The True Story: Guide Dog For a Blind Dog

We would like to thank Steph McLean for supplying us with this article. You can learn more about Steph towards the bottom of this page (she even supplied a video.) Hope you enjoy.

Proof that happily ever after can happen as a friendship is formed between a blind golden retriever named Tanner, and a timid street dog called Blair.

The dogs met at Woodland West Animal Hospital (WWAH) in Tulsa, Oklahoma where they were both taken in earlier this year. Both dogs experienced a tough start to life, and staff at WWAH admit to having considered putting the dogs down. All that changed however when the dogs met by chance in the hospital’s exercise yard…

Tanner is now 2 years old and not only has he been blind since birth, but he also suffers from epilepsy. When he was just 1 year old his owner died and he was left in the care of a local golden retriever rescue group.

They were able to find him a home, but this move caused his epilepsy and fits to worsen, and they became very difficult to control. So within a few months Tanner returned to the rescue group where he continued to suffer from fits, almost daily. They eventually became so violent that he was taken to WWAH.

Tanner seemed to be in so much distress that the vets considered having him put down.

At a similar time, Blair, a 1 year old black mix golden retriever had been shot while living on the streets and was also brought into WWAH for treatment. He was saved, but the experience left him very introverted, timid and depressed.

They first met each other in the hospital yard during an exercise break and formed an immediate friendship.

“One day [Blair and Tanner] were exercising in a play yard together… Blair all of a sudden seemed to realize that Tanner was blind and just started to help him around’ says Woodland West Director Dr. Mike Jones.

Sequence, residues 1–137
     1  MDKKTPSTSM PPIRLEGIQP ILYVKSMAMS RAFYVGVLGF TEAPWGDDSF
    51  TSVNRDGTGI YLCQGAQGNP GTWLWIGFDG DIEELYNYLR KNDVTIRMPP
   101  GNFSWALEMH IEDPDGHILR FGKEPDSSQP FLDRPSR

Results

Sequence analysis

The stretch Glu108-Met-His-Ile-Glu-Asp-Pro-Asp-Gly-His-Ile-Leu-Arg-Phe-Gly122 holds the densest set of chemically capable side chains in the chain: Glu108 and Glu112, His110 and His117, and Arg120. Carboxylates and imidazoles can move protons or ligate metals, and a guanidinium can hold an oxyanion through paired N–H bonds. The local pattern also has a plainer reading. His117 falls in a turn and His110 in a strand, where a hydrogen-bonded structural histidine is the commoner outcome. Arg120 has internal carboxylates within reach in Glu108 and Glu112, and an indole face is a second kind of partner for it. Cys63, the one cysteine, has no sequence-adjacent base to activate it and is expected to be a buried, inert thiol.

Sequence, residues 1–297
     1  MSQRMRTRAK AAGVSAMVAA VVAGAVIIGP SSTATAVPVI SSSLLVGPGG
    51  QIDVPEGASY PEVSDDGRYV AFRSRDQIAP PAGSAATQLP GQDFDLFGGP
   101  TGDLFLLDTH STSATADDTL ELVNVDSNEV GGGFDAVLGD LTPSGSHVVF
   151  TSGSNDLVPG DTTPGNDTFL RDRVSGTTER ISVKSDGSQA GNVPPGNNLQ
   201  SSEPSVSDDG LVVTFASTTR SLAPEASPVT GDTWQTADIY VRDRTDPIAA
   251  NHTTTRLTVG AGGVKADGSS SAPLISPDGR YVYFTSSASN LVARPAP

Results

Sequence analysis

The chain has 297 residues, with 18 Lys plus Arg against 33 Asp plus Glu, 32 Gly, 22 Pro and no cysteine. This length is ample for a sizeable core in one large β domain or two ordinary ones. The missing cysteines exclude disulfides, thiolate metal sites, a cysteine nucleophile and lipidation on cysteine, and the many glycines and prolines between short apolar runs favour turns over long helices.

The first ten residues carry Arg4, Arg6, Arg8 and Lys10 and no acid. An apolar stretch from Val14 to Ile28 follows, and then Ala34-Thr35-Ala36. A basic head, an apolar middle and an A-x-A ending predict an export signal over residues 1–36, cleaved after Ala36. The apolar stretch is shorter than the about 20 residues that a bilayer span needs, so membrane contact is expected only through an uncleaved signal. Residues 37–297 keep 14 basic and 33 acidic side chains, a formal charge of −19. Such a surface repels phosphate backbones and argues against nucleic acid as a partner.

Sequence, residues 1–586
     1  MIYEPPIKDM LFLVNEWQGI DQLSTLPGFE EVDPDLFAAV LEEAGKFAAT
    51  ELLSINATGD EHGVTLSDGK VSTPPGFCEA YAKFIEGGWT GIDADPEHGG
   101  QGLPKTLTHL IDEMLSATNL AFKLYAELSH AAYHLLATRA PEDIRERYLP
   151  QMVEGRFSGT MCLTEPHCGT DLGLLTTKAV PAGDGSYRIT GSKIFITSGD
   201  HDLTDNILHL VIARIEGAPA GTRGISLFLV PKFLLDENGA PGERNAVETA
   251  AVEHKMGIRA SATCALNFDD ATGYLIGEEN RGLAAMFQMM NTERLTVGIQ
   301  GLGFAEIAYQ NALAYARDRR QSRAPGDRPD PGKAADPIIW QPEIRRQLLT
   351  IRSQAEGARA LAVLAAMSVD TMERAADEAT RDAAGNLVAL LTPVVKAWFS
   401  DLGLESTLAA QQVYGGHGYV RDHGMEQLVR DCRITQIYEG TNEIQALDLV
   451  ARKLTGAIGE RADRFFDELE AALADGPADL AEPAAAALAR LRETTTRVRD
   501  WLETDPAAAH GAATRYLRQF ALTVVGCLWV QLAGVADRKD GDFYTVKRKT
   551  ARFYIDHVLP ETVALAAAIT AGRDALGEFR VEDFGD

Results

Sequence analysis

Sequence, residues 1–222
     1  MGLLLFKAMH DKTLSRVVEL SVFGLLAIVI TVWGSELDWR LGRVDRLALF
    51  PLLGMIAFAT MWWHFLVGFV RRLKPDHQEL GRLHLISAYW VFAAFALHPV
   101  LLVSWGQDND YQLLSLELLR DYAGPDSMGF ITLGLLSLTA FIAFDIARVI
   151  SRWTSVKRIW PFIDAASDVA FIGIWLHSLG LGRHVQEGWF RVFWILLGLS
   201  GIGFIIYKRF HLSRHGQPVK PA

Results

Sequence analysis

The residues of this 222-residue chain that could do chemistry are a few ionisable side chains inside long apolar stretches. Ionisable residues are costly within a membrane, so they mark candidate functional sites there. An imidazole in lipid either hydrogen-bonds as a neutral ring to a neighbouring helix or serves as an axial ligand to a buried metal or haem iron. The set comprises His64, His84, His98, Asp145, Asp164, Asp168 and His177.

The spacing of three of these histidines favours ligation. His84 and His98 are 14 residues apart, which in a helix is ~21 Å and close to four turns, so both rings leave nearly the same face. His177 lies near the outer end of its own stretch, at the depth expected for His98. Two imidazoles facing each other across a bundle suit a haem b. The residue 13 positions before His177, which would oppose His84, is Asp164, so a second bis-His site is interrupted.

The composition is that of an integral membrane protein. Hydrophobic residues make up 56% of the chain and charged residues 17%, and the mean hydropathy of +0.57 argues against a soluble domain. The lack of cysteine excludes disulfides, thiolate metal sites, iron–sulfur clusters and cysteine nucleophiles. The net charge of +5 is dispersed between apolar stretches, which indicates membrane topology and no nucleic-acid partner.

This was a huge shock to the staff at the hospital. They had only ever seen the dogs looking depressed, and now they were running around and playing together.

Once they had formed their friendship, a miraculous change occurred in the behaviour of both dogs. After a few weeks, Tanner no longer suffered any violent fits from his epilepsy, and Blair became significantly more friendly and trusting.

Staff also found that if they place a lead on Tanner, Blair will pick it up and will guide him around the yard.

Dogs are well known for their loyalty, and are nicknamed ‘man’s best friend’. Golden retrievers are known as being particularly loyal and easy to train, and for these reasons have been used as guide dogs for many years. This is however the first recorded case of a dog acting as a guide to another dog. And the most remarkable part – without any training, influence or guidance.

They continue to live at WWAH for the time being while they remain in rehabilitation. But once they are back to full health, vets are advising that they will need to stay together – so any potential owners will need to take care of both of the dogs, and keep them together.

Take a look at this video to see the young dogs in action.

Attached Images:

Steph McLean is an animal lover, and enjoys writing about interesting animal stories. She works at

Here is the link if you want to watch it on youtube

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